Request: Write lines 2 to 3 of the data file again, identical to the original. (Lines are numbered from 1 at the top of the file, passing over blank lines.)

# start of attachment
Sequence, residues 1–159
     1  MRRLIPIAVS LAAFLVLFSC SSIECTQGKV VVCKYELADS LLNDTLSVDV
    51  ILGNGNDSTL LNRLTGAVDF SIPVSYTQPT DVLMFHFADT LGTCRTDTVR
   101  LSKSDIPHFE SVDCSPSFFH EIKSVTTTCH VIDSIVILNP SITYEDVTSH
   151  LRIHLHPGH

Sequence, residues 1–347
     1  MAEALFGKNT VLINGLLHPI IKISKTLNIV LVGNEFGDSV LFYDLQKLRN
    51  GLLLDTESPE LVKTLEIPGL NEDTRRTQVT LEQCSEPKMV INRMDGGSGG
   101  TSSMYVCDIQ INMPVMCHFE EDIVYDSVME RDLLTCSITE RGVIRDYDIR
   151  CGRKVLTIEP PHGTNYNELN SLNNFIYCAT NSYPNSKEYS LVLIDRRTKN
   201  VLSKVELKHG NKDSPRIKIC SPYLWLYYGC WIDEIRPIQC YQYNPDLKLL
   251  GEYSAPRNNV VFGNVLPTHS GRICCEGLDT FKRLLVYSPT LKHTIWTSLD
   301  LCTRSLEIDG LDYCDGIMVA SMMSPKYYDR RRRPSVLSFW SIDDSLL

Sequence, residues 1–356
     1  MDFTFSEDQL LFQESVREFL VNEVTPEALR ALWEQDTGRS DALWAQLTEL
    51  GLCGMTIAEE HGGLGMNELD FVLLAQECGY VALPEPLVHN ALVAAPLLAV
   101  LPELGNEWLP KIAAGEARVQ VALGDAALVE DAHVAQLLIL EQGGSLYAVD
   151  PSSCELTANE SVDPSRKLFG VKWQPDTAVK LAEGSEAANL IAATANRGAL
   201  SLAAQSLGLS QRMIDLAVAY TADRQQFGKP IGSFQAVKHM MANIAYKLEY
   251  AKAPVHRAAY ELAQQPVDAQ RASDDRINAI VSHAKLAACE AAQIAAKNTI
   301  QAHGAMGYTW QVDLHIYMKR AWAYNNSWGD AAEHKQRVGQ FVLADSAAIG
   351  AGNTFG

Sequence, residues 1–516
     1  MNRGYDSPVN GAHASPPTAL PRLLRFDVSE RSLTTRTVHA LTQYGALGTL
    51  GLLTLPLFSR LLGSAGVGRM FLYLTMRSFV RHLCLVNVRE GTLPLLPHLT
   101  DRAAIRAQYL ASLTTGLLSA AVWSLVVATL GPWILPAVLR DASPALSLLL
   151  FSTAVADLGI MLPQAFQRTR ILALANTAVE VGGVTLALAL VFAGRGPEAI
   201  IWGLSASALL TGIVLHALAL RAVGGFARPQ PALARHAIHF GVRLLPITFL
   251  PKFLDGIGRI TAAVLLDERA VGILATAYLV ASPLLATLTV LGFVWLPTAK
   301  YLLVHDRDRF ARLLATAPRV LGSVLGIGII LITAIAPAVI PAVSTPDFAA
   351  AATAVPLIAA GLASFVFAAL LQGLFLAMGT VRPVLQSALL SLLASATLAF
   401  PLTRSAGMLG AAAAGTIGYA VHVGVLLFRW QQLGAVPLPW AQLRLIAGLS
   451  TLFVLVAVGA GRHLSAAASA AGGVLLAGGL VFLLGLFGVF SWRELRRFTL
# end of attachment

     1  MRRLIPIAVS LAAFLVLFSC SSIECTQGKV VVCKYELADS LLNDTLSVDV
    51  ILGNGNDSTL LNRLTGAVDF SIPVSYTQPT DVLMFHFADT LGTCRTDTVR